Country of Origin: United Kingdom
Overall: 8 in. wide x 5 ft. 3 in. long x 6 1/2 in. diameter (20.32 x 160.02 x 16.51cm)
Sheet iron body; fabric covering on part of warhead; wood guidestick; twine wrapping around warhead and part of guidestick
This is a Congreve 100-Pounder war rocket made by the Englishman Sir William Congreve in 1815. It lacks its complete wooden guide stick that would have made it some 25 feet long. Only the rocket body, with pointed warhead and part of the guide stick, are shown. The propellant was gunpowder while the warhead contained combustible powder meant for the destruction of forts.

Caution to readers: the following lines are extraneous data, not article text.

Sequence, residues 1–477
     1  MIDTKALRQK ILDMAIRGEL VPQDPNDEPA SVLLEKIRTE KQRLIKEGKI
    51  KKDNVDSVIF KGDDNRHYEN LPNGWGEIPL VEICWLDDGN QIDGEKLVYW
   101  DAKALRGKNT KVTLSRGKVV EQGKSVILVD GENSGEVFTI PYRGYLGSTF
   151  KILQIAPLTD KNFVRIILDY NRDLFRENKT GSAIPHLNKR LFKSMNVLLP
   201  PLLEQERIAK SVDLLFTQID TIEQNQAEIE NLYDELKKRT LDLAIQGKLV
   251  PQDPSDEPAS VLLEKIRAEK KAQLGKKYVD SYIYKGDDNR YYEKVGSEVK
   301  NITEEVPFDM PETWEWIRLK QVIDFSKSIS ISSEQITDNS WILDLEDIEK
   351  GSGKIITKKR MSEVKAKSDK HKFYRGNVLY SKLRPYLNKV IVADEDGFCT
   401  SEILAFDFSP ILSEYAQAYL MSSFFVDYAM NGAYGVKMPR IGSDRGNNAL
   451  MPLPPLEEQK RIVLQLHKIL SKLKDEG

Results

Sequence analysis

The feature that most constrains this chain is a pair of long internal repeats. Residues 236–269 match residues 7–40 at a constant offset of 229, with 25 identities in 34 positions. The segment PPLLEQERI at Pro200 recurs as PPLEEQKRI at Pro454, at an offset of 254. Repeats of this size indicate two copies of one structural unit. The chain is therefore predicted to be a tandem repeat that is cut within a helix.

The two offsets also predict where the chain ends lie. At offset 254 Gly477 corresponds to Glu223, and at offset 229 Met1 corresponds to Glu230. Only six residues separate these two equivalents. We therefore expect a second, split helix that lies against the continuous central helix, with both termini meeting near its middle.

Congreve rockets saw service until as late as the 1860's when they were replaced by the Hale stickless, or rotary rocket. However, the 100-pounder and other larger calibers up to the 300-pounder, never became operational since they were expensive and difficult to make and transport. This object was donated to the Smithsonian in 1968 by the Royal Artillery Institute, U.K.
Gift of Royal Artillery Institute